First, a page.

Former Vice President Al Gore yesterday made his second attack this week on President Bush’s war on terrorism, accusing the administration of ignoring signs that al Qaeda terrorist leader Osama bin Laden planned to attack the United States on September 11.
“The warnings were there” before the attacks, Mr. Gore said.
Which warnings, Al?
The Khobar Towers bombing in 1996?
The African embassy bombings in 1998?
The USS Cole attack in 2000?
Where was the Clinton/Gore response? What was done? Odds are, Osama bin Laden is dead, dead. It took at least four serious attacks on American and lives before he and his wholly-owned Taliban subsidiary were dealt with.
After the first three attacks, Clinton/Gore decisively blew up an aspirin factory, shot missiles at an empty camp, and filed some very harsh briefs.
One attack — one — under a new Administration, and Osama bin Laden is either dead, or so deep in hiding as to not be a danger for a good, long time.
If Gore wants a future in politics, he has got to either shut up, or develop some actual political instincts. Between this absurd statement and Monday’s idiot speech, he is absolutely killing himself.
September 27th, 2002 - 10:25 am
Scott Ott, better known as ScrappleFace, knows how to take the politics out of the war debate –
– Cancel the election.
September 27th, 2002 - 1:26 am
From CBS News:
The Justice Department is still unclear on how it happened, but somehow as many as 48 documents that officials now say should have been classified, were inadvertently turned over to terrorist suspect Zacarias Moussaoui as part of the discovery process in his upcoming trial. According to court records released Thursday, U.S. District Judge Leonie Brinkema, who is presiding over the case, called the ‘mistake’ a grave security breach.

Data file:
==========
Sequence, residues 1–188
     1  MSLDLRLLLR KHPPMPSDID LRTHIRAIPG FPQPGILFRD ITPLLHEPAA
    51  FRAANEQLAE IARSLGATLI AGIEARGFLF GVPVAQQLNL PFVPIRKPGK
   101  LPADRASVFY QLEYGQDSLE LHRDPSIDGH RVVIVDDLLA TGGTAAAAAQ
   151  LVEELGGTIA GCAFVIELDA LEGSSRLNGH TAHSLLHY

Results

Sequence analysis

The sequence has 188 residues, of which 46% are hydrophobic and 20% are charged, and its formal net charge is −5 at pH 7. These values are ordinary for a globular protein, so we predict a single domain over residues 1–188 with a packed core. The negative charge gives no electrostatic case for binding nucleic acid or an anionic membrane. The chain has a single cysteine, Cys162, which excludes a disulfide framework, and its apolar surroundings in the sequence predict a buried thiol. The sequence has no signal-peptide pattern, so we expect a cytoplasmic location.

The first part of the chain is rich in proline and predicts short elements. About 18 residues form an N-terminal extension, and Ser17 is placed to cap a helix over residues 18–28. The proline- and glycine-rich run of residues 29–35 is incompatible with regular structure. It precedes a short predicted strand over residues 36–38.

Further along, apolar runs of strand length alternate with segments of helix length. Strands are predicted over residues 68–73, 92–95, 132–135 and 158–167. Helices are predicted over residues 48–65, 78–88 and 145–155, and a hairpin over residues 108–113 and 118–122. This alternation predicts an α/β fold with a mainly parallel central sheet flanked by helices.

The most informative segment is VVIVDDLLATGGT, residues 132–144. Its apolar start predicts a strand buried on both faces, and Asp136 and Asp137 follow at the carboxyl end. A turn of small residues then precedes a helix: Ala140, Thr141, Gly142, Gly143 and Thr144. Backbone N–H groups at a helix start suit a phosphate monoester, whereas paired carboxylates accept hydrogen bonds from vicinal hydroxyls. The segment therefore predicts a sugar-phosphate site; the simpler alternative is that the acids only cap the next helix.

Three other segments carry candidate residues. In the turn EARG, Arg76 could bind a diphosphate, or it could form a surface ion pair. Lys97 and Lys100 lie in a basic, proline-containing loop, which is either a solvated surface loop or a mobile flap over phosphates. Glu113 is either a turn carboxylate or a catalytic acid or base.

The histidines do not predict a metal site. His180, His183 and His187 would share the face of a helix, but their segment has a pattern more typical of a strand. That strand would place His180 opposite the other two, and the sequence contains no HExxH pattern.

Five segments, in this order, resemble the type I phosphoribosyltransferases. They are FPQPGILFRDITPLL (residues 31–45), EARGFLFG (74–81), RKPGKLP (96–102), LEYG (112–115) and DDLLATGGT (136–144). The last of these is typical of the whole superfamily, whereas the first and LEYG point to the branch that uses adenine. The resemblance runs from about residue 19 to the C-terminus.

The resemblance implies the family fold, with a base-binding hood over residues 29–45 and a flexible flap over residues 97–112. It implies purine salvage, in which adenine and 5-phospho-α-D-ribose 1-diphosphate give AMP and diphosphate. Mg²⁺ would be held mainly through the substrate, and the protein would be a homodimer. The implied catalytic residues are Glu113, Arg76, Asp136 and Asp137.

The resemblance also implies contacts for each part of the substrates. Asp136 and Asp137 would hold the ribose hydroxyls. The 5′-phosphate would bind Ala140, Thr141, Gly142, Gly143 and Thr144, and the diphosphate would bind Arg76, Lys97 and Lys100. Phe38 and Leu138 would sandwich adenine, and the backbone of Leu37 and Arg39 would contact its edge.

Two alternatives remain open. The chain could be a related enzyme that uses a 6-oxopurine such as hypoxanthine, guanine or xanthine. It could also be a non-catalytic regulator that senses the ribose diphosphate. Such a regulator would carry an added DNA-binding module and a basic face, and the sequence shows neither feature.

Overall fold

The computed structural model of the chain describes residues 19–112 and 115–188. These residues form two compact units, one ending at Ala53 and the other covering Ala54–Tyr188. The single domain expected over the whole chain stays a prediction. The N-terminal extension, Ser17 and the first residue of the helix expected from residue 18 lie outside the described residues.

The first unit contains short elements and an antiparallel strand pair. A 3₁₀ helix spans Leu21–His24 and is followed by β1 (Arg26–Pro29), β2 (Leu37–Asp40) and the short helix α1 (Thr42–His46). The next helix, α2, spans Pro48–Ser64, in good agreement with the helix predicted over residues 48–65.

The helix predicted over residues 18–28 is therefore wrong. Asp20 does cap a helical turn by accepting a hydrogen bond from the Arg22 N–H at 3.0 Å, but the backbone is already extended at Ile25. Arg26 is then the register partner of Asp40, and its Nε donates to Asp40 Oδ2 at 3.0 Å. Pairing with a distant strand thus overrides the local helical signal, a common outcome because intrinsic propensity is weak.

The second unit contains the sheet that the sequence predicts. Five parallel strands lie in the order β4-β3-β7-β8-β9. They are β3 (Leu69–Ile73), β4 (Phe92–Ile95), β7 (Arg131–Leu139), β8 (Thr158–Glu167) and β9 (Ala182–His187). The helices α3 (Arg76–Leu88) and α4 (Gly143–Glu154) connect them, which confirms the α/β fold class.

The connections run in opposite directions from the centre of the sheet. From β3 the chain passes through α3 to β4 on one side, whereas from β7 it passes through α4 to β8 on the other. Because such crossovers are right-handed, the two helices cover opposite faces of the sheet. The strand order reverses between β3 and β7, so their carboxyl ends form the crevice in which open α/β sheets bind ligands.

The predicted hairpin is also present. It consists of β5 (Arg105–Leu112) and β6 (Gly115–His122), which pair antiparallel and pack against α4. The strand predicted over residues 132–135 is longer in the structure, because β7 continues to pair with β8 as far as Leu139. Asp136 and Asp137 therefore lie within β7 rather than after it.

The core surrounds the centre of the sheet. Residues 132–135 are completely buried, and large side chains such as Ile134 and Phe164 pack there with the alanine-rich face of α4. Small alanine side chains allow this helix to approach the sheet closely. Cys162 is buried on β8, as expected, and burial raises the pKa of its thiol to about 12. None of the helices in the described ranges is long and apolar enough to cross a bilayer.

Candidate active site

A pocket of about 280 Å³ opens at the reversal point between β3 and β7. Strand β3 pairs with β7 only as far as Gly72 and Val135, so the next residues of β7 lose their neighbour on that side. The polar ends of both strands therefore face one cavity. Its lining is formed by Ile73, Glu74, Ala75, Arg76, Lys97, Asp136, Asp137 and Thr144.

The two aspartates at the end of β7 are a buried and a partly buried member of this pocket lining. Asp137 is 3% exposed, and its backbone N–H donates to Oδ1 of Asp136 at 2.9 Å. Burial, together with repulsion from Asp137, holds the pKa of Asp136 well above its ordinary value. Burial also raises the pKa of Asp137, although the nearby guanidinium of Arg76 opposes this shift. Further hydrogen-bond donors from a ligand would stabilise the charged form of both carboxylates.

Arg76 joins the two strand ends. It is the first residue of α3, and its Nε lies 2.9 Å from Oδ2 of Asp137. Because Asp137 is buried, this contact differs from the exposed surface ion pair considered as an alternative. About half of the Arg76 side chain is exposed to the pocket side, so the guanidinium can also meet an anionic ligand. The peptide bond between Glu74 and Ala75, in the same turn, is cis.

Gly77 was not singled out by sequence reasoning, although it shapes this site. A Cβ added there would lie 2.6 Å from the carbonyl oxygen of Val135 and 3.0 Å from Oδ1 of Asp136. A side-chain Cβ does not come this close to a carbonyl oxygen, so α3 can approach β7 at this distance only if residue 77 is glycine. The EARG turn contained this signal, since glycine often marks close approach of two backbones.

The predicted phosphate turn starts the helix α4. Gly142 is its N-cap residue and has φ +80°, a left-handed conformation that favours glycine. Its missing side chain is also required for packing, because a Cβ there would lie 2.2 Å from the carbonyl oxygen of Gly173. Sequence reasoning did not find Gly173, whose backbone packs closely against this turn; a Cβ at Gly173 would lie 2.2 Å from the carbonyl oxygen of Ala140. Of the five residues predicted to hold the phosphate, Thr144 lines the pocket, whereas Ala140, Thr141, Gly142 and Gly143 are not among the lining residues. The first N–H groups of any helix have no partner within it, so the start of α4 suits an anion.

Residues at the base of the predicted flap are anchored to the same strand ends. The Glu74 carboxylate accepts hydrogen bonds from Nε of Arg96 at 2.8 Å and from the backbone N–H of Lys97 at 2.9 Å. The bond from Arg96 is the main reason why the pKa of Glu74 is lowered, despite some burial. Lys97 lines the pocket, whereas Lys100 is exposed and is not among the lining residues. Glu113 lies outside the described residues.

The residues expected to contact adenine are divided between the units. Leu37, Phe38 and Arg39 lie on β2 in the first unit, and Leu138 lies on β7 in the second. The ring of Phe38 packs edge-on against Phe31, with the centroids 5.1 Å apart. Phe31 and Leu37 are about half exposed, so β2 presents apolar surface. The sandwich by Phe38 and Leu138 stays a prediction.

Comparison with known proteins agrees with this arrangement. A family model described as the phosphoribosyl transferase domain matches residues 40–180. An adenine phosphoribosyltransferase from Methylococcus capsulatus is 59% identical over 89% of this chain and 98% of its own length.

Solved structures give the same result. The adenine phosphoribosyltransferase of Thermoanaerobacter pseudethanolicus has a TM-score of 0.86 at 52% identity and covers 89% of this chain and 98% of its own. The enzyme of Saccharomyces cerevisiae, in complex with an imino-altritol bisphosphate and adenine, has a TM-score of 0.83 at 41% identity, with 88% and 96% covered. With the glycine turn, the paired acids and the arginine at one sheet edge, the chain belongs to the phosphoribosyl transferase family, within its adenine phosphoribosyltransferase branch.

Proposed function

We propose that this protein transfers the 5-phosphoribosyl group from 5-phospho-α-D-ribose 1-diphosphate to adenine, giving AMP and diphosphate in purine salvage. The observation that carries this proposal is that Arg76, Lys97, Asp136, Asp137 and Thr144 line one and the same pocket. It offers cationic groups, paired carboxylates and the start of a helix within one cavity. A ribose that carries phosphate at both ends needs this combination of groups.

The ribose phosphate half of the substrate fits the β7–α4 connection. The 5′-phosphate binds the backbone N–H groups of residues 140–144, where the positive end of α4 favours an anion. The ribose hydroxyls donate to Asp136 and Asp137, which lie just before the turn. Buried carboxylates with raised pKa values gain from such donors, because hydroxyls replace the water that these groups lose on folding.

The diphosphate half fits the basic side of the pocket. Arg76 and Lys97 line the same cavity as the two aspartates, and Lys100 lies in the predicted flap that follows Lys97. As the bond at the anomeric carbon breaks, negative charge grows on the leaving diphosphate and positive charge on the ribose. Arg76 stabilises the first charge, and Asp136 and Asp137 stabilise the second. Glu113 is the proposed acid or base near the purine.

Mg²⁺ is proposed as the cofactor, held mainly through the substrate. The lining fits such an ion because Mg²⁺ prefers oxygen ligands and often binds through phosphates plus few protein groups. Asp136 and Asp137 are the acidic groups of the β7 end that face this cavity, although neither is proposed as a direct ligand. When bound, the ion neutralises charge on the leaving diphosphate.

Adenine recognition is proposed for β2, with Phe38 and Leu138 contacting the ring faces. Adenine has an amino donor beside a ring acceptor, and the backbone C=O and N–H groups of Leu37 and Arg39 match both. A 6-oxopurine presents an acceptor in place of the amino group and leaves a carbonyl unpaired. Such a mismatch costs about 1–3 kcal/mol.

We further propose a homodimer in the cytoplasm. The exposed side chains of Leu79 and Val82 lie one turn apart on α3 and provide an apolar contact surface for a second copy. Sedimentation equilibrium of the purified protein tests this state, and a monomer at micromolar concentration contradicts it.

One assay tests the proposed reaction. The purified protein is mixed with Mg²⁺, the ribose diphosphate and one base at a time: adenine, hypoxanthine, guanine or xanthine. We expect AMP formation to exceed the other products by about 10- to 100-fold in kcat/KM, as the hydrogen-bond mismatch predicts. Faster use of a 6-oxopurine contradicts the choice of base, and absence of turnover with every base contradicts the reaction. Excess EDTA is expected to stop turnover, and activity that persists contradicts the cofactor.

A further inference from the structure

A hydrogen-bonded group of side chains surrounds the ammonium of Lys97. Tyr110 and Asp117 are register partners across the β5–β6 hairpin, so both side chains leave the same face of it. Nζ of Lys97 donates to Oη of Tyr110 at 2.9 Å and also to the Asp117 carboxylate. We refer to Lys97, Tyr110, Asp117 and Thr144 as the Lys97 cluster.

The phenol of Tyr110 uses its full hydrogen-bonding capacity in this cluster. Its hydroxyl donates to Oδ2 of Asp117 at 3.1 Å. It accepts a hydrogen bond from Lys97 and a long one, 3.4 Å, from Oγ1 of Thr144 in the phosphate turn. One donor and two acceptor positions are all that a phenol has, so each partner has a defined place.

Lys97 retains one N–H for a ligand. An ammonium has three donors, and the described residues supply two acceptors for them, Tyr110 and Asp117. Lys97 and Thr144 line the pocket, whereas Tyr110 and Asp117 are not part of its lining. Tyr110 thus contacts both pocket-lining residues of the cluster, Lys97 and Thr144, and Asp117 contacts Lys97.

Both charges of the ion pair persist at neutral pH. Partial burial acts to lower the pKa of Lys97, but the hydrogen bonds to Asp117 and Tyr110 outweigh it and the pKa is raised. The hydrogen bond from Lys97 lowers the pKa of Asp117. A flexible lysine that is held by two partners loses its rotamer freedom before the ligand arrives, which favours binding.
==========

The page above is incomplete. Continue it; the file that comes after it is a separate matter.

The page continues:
And you wonder why I don’t trust the Feds with an entire department devoted to homeland security?
September 27th, 2002 - 1:11 am
This is too silly not to comment on:
Minnesota Governor Jesse Ventura and hundreds more Americans arrived in Cuba on the eve of a mammoth US agricultural show with the aim of whetting communist Cuba’s appetite for more US food.
Whetting Cuba’s appetite for food is like whetting:
… a mobster’s taste for pinstripes.
… Saddam’s taste for nukes.
… Charlie Sheen’s taste for hookers.
… a Saudi prince’s taste for pricey scotch and cheap blondes.
… Rosie’s taste for Tom Cruise in a skirt.
… a blogger’s taste for links.
… this site’s taste for cheap laughs.
What’ve you got?
September 27th, 2002 - 12:57 am
Thank Whomever Israel finally pulled out of southern Lebanon last year:
Hezbollah militants in southern Lebanon have amassed thousands of surface-to-surface rockets, including missiles with the range to strike cities in northern Israel, according to senior Israeli and Western officials.
Uh. . . what was I saying?
September 27th, 2002 - 12:48 am
How’d I miss this one yesterday? From Indian Express:
US warplanes attacked the Basra airport in southern Iraq on Wednesday night, destroying its radar system, state satellite television reported on Thursday, quoting an official spokesman.
Don’t get too excited — we’re bombing stuff damn near daily in the No-Fly Zones over northern and southern Iraq. But the story does make me wonder what gave us cause to bomb a supposedly civilian radar site.
Oh, yeah — Saddam owns all the radars.
September 27th, 2002 - 12:41 am
Madeleine Albright thinks George Bush is overly eager for war:
Madeleine Albright, the US secretary of state under Bill Clinton, on Thursday accused some members of the Bush administration of an “irrational exuberance for this conflict” with Iraq.
Speaking before the Senate committee on foreign relations, Ms Albright said: “It is not an American trait to want war.
“And it is not a sign of sound leadership to understate the risks of war or to offer constantly shifting rationales – as this administration has – for undertaking such a venture,” Ms Albright said.
September 27th, 2002 - 12:32 am
I had no idea until just now that I’d been linked (along with many other, more worthy bloggers) by Sweet Briar College’s Government and International Affairs department.
I’m flattered; thank you.
Now, is my understanding that SBC is a girl’s school correct? If so, let’s not tell the wife, OK? She still hasn’t forgiven me those comments I made about Debra Messing‘s pert little rear while we watched Will & Grace last night.